The media have focused on China drowning countries like Pakistan and Sri Lanka in debt, so that it is awarded control of the ports and highways it builds there. Undercovered is the ethnic dimension of Chinese grand strategy across Eurasia. It deserves more attention: The desert home of the Uighur is the potential weak link in China’s Silk Route nexus.

Don’t underestimate national pride and resentment in this process. Hong Kong and Macao have been taken back from the European colonialists, formally ending an era of humiliating foreign intrusion in China’s core. Outer Mongolia’s sovereignty has been undermined significantly by Chinese economic interests. Tibet has been subjugated. Xinjiang now looms as the last holdout before Greater China is truly realized on land, allowing China to concentrate fully on dominating the East and South China seas. In turn this will open up the Indian Ocean, where China has been building and helping develop new ports between Myanmar and Djibouti. Who says that the age of empire has passed?

Because the U.S. is located half a world away, it is at a distinct disadvantage in thwarting this new imperial rise. Washington still has a geopolitical interest in making sure no individual state holds sway over the Eastern Hemisphere as the U.S. once influenced the Western Hemisphere. A Chinese Silk Route that runs through Iran and beyond, with a naval presence over the navigable southern rimland of Eurasia, would do that.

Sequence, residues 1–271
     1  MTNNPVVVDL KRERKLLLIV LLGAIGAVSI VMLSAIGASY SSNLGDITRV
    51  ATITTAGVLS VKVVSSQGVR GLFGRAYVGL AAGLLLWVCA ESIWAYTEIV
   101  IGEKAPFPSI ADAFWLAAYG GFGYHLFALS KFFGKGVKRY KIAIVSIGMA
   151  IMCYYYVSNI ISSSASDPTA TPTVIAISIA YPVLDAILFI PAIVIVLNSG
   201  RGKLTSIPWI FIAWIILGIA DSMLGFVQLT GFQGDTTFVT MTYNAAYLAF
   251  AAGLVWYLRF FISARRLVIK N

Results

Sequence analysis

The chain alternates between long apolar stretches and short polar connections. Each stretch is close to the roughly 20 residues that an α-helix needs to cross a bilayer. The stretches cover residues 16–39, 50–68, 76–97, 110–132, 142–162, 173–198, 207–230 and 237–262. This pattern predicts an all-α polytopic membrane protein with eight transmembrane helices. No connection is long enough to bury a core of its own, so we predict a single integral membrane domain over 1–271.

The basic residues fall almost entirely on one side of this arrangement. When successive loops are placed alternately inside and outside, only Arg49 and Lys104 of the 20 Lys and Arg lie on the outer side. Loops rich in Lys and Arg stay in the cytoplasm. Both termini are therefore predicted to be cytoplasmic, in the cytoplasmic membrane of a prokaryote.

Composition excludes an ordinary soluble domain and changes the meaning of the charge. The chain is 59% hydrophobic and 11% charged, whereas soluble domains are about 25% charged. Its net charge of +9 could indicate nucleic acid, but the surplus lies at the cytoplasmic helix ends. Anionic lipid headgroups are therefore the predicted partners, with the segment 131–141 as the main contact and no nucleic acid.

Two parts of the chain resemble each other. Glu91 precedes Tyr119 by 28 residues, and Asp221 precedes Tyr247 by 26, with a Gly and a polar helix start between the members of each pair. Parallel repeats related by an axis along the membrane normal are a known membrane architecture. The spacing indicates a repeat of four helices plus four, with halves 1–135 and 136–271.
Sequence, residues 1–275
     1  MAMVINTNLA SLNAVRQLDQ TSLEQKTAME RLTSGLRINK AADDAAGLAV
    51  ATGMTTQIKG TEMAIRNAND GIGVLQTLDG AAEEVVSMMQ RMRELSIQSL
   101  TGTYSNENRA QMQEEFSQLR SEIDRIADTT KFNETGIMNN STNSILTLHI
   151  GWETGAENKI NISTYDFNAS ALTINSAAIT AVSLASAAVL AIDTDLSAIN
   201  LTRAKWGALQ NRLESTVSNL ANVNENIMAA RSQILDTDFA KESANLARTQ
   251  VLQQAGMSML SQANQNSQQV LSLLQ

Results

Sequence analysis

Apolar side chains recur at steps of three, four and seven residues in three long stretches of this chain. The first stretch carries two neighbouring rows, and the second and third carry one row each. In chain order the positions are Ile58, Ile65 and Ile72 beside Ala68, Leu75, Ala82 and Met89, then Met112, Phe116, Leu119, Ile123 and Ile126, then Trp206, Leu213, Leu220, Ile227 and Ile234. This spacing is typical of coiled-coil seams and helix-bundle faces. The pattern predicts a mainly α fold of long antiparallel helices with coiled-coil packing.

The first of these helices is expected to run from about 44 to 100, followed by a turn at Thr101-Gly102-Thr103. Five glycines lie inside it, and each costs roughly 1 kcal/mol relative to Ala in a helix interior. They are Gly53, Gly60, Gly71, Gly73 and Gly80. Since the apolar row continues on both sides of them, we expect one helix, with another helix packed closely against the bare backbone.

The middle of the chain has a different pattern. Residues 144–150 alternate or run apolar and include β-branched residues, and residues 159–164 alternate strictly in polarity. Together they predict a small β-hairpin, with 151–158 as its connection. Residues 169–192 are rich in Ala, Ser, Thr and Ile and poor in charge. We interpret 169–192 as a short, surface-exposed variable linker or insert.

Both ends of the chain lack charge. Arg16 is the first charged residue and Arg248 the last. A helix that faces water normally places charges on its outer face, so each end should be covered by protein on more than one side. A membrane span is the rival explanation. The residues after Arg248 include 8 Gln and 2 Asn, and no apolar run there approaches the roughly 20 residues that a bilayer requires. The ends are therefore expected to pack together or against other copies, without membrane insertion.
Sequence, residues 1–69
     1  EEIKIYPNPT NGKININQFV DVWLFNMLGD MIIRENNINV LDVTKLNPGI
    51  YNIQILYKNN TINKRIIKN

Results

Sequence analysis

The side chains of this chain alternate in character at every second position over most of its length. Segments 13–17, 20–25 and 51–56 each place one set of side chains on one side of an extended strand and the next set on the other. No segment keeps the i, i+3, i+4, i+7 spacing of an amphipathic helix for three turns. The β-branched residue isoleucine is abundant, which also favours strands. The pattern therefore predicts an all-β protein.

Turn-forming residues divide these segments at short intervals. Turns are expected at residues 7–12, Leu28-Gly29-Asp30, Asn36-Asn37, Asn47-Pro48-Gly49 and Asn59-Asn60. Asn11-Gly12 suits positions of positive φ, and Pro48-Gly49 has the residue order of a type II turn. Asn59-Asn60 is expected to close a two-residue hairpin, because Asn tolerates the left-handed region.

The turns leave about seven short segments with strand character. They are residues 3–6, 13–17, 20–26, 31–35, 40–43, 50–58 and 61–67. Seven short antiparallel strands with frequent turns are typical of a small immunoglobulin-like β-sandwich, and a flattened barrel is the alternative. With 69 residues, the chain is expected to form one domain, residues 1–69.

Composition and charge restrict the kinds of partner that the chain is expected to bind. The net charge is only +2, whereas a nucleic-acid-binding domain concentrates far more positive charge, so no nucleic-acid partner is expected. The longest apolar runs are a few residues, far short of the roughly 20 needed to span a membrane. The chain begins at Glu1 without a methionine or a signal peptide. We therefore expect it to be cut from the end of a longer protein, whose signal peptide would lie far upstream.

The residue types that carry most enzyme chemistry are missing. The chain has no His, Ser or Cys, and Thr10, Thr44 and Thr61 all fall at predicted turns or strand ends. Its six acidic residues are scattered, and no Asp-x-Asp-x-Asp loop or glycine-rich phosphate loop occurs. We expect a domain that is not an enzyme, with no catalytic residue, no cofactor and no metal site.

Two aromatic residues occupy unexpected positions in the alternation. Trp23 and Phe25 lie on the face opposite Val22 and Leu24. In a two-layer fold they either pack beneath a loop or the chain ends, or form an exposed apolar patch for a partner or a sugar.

A policy of zero-sum bilateralism—the current American approach—forfeits the strongest asset the U.S. has in this struggle: a system of alliances undergirded by the American ideals of free markets, civil society and human rights. In this competition, holding China to account for its human-rights violations against the Uighurs is a component in a realist approach that also seeks to limit the Chinese navy in the South China Sea. Just as China’s suppression of the Uighurs is part of its grand strategy, America’s commitment to human rights in China should be part of its own approach.

Mr. Kaplan is author of “The Return of Marco Polo’s World: War, Strategy, and American Interests in the Twenty-First Century” (Random House, 2018). He is a senior fellow at the Center for a New American Security and a senior adviser at Eurasia Group.


Fighting in Syria Intensifies — “There can be no solution in Syria with President Bashar Assad in power” — Pro-opposition strongholds hit by airstrikes

April 19, 2016

By SARAH EL DEEB and JAMEY KEATEN, Associated Press

BEIRUT (AP) — The Syrian opposition coalition negotiating in Geneva said Tuesday there can be no solution in Syria with President Bashar Assad in power, and called for international monitors to observe a cessation of hostilities agreement that has all but collapsed.

The head of the U.S. and Saudi-backed coalition, Riad Hijab, also called on the U.N. Security Council to take firm actions against violators— a day after the opposition said it is suspending its participation talks in Geneva as violence rages at home.

Hijab also said a clear timetable for the political transition in Syria is a must — adding such a transition can’t include Assad.


Riyad Hijab, Coordinator of the High Negotiation Committee, HNC, of Syria speaks to the media during a press conference, in Geneva, Switzerland, Tuesday, April 19, 2016. (Salvatore Di Nolfi/Keystone via AP)

“There cannot be a solution in Syria while Bashar Assad is present,” he said.